Interviews will last up to 60 minutes and can be done online (e.g. MS Teams/Zoom), over the phone, or in-person. There is a £20 voucher for people taking part in an interview.

Who can take part?

Please have a look at the recruitment flyers below that provide more information about who can take part in the study:

If you are a person living with dementia, please click here for the flyer.

If you identify as being a carer for someone with dementia, either a family member or close friend (current or past experience), please click here for the flyer.

If you would like to know more about the study or are interested in taking part, please contact Alice Burnand by email a.burnand@ucl.ac.uk or telephone on 07469 273849.

CAPPD: Communication Aspects of Personalised care Planning in Dementia

Chief Investigator: Sarah Griffiths s.a.griffiths@ucl.ac.uk

Start date: 02/01/2024

Finish date: 31/12/2026

Main aim of the project

This project aims to develop an evidence-based training and guidance toolkit, of communication strategies for facilitating personalised dementia care planning conversations. This will support allied primary care workforce (e.g., social prescribers, dementia advisors, care coordinator, health and wellbeing coaches) to work alongside GPs to deliver personalised, holistic care planning.


Everyone living with dementia should have a personalised care plan (NHS England, 2017). The plan needs to say what health and social care support should be put in place and how it will be put in place. ‘Personalised’ means that the plan is made with the person with dementia, based on what matters most to them. In primary care (healthcare provided in the community), GPs should create care plans with people living with dementia in ‘Annual Dementia Reviews,’ but we know these rarely happen. When reviews do happen, they are often not ‘personalised,’ and may not even involve the person living with dementia themselves.

NHS England recommends that Annual Dementia Reviews should no longer be carried out just by GPs. This should be shared amongst the wider team in primary care. This could include staff such as Social Prescribers, Dementia Advisors, Care Co-ordinators and Health and Wellbeing Coaches. These ‘allied’ primary care staff offer social and community-based support, allowing people to maintain strengths and explore new opportunities for life activities. This work still usually happens separately to the Annual Dementia Review, despite calls for more task sharing. There is a great opportunity for these two types of care planning to be more joined up. This would lead to better conversations about the relationship between people’s health and social needs and how staff can work together to address those needs.

However, there are two important communication challenges to overcome for this joined-up approach to work:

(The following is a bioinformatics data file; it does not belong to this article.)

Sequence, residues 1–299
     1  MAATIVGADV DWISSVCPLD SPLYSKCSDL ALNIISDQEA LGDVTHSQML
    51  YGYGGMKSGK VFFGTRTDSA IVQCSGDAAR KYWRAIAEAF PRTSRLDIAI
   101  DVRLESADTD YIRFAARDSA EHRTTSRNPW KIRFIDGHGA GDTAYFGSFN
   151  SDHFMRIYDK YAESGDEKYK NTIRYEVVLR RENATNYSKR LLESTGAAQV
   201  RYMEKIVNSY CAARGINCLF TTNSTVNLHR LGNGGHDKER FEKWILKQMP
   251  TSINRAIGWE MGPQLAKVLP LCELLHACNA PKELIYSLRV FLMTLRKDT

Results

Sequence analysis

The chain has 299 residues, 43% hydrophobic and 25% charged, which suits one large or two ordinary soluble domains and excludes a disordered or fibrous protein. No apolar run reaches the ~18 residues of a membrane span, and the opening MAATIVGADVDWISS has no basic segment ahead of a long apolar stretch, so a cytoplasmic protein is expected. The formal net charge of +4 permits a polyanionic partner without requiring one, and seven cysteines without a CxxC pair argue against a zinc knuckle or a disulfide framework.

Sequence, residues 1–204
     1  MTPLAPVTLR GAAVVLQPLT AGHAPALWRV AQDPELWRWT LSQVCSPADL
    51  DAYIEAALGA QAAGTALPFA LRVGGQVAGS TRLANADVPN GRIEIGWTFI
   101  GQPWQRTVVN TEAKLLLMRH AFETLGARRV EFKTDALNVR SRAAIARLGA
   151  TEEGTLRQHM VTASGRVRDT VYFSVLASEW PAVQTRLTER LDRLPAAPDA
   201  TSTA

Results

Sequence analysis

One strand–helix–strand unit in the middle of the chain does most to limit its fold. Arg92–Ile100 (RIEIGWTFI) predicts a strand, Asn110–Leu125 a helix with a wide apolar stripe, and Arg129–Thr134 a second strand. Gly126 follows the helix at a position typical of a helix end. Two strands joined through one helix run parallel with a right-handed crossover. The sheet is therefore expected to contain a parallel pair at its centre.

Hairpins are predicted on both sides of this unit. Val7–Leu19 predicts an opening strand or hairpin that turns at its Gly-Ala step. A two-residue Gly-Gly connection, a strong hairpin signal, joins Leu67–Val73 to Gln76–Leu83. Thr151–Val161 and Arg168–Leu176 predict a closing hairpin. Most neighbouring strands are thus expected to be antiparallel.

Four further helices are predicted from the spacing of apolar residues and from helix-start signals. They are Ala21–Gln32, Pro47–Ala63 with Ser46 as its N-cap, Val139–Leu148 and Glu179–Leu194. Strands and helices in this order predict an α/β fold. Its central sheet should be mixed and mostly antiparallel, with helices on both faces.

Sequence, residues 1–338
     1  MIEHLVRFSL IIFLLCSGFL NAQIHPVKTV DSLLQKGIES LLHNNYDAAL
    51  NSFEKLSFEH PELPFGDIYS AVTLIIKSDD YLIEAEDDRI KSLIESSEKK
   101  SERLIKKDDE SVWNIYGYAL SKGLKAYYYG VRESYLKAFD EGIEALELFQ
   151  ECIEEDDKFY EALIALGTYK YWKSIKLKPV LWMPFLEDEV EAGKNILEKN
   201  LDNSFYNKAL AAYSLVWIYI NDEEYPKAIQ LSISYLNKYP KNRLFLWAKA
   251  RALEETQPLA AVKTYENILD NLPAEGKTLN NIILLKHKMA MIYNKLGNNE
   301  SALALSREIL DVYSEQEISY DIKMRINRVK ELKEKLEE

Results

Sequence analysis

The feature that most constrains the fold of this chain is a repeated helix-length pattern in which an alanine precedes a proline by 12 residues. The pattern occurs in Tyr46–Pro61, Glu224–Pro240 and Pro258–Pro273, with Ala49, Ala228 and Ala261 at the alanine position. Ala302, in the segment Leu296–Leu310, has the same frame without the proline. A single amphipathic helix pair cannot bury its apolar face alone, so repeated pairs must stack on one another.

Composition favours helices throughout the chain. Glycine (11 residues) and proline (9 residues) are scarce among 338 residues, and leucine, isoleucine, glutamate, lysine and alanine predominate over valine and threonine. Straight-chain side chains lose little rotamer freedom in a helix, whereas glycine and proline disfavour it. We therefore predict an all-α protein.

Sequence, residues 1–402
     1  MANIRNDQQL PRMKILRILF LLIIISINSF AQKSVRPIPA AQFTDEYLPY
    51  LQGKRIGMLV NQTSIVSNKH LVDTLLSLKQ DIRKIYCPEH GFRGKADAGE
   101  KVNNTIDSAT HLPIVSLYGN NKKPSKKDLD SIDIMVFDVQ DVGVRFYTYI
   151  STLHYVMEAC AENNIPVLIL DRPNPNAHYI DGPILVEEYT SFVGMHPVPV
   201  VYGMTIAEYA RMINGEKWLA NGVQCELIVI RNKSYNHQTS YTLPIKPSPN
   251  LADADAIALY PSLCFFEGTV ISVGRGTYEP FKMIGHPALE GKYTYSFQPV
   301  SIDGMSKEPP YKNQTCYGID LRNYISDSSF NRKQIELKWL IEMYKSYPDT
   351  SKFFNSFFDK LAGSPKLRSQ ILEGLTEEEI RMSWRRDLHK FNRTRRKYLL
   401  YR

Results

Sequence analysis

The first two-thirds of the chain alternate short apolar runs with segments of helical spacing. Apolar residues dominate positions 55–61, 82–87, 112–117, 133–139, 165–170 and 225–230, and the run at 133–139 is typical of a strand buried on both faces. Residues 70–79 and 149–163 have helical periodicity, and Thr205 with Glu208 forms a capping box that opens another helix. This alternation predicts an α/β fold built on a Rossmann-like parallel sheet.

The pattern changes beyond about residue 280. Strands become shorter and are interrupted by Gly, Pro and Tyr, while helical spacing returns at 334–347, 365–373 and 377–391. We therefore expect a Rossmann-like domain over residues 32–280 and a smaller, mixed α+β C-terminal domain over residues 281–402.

Many primary care teams are unsure about how best to work with each other, the person living with dementia and carer, to jointly develop a care plan and share patient records with each other. Allied primary care staff lack confidence in having personalised care planning conversations with people living with dementia and often ‘just speak with the carer.’ Conversations about life activities are not always culturally aware or fitted to their interests. The conversations can feel like a ‘rigid tick-box’ ‘one size fits all’ approach.  

There is a lack of training to support the allied primary care workforce in finding out what really matters to people, how to create culturally appropriate care plans and how to balance the needs of people living with dementia and carers.

Study Methods

This three-year project will take place in London and Devon, and has six overlapping workstreams:

Workstream 1 (Months 0-6) – Reviewing published evidence about the challenges of delivering personalised dementia care and support. This will help identify possible elements of good practice. It will also help to inform later workstreams.

Workstream 2 (Months 7-22) – Interview study: Up to 50 interviews with people living dementia, carers, Social Prescribers, Dementia Advisors, Care Co-ordinators, Health and Wellbeing Coaches, GPs and practice nurses to find out about their experiences of personalised care planning conversations.

Workstream 3 (Months 7-22) – Observation study: Up to 20 video recordings of real personalised care planning conversations between people with dementia and allied primary care staff across both sites. Conversation Analysis will be used. This work will help us understand what verbal and non-verbal communication behaviours work well/less well, for finding out what matters to people living with dementia and carers.

Workstream 4 (Months 23-30)– Developing the toolkit. In workshops people with dementia, carers and practitioners will use knowledge from workstreams 1,2 and 3 to design the training toolkit together.

Workstream 5 (Months 31-32) - Testing out the resources. Six allied primary care staff will try out the toolkit in real-life practice. They will provide feedback on how easy to use and helpful the resources were. Based on this feedback, final changes will be made to the training toolkit.

Workstream 6 (Months 0-36) Ongoing Dissemination about the project and the findings throughout the whole 3 years

Project co-applicants and collaborators

Funded by

Alzheimer’s Society (Grant reference number 597: awarded 31/03/2023).